There has been some feeling during 2015 that there have been moves afoot to reduce the influence of a section 21 notice, despite it working perfectly well since introduction in February 1989. The newest legislation seems to be re-enforcing this, with the introduction of a new section 21 from 1st October 2015.
The new version can be downloaded from our website here.
Previously, there were two formal section 21’s, to be issued during the fixed term or when the tenancy converted to a statutory periodic tenancy. There was also the option for a landlord to write his own section 21, provided that the notice contained prescribed information. The new section 21 is a formal legal notice, for use with fixed term or statutory periodic tenancies, with no option for a landlord to write his own. A standard section 21 makes it less complicated as less choice means it has to be the correct notice. All earlier notices are therefore obsolete from 30th September and should be disposed of.
There are new conditions for the s.21 which are probably intended to assist the tenant. Some landlords liked to issue the notice shortly after the tenancy commenced, feeling it safeguarded them and made it easier, if they found they had to evict at the end of the tenancy, but they will now be unable to do this as a new section 21 cannot be issued before the tenancy has run for at least 4 months. They will also have to proceed to Court within 6 months of the notice being issued. This is not particularly good news for tenants. Landlords could issue a notice but afford to wait before going to Court, to allow a tenant time to clear rent arrears or change behaviour. They will now hesitate about doing this when there is a time constraint on them.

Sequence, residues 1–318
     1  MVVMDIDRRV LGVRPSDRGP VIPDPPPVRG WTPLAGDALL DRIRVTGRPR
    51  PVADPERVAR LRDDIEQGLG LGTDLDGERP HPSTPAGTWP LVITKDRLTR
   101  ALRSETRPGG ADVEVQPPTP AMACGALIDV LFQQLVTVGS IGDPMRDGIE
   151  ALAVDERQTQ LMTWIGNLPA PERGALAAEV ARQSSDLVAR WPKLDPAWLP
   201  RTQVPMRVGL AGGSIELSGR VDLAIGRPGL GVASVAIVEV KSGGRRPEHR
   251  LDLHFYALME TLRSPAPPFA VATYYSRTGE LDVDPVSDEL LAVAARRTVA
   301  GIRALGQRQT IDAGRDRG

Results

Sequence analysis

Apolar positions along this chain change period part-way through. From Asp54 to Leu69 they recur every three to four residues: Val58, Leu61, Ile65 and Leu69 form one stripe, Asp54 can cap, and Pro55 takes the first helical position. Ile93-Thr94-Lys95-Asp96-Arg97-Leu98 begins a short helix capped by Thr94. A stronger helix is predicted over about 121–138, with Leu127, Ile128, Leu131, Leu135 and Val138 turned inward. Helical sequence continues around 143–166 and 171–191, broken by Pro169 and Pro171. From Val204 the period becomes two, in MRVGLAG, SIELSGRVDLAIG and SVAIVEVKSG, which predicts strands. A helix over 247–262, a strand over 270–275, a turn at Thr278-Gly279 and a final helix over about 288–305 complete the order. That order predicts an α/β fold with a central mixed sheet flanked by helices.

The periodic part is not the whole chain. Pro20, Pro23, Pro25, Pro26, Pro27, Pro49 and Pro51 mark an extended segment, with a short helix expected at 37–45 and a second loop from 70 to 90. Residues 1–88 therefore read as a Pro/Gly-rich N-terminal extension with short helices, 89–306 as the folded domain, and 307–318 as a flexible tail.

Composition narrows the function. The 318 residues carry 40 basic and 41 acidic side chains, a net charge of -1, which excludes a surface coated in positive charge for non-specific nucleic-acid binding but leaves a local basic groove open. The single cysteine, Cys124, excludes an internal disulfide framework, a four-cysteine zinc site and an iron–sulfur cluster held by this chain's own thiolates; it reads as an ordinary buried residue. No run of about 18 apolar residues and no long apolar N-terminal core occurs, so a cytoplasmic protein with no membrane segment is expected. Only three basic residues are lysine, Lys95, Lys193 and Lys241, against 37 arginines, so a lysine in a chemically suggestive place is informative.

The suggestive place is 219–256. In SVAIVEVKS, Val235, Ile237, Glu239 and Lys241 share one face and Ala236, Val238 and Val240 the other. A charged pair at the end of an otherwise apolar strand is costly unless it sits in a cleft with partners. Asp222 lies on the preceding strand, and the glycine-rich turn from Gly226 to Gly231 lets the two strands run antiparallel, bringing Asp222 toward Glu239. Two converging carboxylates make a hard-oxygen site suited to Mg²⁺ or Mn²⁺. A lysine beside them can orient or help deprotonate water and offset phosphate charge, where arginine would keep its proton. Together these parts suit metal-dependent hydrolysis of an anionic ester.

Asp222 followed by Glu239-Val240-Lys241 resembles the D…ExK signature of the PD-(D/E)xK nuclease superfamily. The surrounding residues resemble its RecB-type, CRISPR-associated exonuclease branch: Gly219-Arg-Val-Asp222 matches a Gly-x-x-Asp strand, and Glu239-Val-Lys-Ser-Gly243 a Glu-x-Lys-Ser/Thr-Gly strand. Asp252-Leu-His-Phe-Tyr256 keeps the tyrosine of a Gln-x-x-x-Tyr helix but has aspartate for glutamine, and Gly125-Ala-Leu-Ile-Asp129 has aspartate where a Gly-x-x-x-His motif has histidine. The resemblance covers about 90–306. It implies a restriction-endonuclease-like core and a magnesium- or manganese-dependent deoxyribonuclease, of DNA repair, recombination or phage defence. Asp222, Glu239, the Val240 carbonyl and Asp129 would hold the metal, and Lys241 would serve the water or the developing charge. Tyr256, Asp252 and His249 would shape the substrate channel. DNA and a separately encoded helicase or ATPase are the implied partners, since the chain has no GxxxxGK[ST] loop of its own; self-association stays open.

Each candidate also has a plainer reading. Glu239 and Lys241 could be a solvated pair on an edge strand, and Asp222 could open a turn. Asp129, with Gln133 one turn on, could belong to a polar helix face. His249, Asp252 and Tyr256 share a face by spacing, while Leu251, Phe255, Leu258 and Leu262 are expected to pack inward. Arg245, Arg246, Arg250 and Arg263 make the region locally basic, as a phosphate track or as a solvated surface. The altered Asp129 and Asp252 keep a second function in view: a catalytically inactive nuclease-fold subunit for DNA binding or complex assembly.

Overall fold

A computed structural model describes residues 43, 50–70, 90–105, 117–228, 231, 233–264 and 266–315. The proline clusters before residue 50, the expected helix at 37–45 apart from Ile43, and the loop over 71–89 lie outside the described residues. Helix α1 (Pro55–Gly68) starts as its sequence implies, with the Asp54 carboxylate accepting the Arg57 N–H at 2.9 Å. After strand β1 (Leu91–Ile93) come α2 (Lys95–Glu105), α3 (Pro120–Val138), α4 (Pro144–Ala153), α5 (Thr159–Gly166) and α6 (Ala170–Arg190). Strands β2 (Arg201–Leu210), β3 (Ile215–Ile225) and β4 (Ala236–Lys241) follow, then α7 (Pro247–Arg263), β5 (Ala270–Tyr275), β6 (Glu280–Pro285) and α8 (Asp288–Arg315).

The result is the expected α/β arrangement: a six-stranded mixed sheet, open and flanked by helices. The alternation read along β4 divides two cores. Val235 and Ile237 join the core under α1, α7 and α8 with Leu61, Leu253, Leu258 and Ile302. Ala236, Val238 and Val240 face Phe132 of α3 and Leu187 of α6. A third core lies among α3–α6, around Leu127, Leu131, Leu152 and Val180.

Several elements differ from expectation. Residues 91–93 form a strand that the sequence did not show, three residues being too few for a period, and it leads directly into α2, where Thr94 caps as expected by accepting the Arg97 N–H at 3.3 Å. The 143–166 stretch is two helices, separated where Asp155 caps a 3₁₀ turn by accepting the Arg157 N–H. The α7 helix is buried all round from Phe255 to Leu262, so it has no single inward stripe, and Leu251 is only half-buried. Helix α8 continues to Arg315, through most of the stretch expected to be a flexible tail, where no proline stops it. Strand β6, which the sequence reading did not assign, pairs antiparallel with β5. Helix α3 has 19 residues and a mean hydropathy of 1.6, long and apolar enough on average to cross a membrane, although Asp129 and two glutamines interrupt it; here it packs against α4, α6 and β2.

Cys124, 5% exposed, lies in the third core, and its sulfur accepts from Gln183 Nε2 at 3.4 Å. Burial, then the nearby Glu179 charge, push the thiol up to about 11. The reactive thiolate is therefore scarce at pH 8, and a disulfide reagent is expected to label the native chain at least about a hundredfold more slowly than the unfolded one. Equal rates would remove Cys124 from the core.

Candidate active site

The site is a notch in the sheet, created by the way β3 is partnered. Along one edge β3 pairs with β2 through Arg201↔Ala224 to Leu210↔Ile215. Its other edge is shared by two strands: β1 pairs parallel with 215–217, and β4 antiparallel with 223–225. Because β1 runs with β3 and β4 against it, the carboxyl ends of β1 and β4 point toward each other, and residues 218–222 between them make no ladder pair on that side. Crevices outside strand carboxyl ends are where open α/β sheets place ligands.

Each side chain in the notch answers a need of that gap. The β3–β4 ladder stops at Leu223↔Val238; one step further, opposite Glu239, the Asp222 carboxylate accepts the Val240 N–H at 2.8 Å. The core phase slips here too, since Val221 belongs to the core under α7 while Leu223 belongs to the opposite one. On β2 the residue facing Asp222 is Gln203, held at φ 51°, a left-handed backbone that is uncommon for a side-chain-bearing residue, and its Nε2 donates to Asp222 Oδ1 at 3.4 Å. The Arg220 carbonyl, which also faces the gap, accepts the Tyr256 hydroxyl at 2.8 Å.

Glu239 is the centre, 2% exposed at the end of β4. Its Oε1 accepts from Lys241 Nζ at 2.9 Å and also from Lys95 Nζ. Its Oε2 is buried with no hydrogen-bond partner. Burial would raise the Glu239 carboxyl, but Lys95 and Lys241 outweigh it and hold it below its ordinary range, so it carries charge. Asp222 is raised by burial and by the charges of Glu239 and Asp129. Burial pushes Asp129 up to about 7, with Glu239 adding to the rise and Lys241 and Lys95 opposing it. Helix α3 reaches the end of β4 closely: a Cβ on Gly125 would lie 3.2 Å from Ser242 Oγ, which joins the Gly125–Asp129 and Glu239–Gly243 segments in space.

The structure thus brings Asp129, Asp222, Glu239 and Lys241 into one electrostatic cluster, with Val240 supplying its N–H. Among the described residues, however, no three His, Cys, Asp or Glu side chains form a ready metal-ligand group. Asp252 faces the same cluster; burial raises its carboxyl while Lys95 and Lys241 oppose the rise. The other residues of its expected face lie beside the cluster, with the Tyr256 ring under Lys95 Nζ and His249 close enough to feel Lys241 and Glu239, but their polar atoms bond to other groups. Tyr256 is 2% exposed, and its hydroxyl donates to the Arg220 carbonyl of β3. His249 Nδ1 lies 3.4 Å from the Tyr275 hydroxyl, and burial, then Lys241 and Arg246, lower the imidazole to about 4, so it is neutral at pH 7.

So where is the threat to the use of the section 21? Well, retaliatory eviction gets a nod, as an s.21 cannot be served for 6 months after an improvement notice has been served by the local authority or emergency remedial action has been taken. In addition, it introduced a requirement for landlords to provide prescribed information to the tenants. It is already a legal requirement that the tenant should be given a copy of the energy performance certificate and gas safety certificate, but it becomes prescribed information and again, without giving the tenant this information, the ‘no fault’ possession claim, using the section 21, cannot be used. Landlords must ensure that the certificates are given, with a record of the date and copies retained.
There is one requirement of the new legislation that will have mixed views, as both a good and bad thing for landlords. They now need to give tenants a new DCLG booklet ‘How to Rent’. Again, this must be given to tenants if the landlord seeks to end the tenancy with a section 21. The booklet gives some basic rules about how the tenant should run the tenancy – landlords may feel that this has been a long time coming! This may make landlords lives a little easier, but it is an additional chore they must undertake in ensuring not only that they obtain the booklet or download it and print, but also that they prove their actions. My advice would be a printed sheet, stating:
‘The booklet, ‘How to Rent’ was handed to me, the tenant, on (date) Signed…………….’
A similar document can be devised for the gas safety certificate and energy performance certificate.
Not all of the legislative change will be welcomed by the landlord, but it will professionalise the sector and lessen the possibility of incorrect notices being served. It will mean more work and the necessity for retaining evidence that statutory requirements have been met, which is essential if the section 21 is to continue to be the no hassle method of ending tenancies.
For advice on buy to let issues – General Knowledge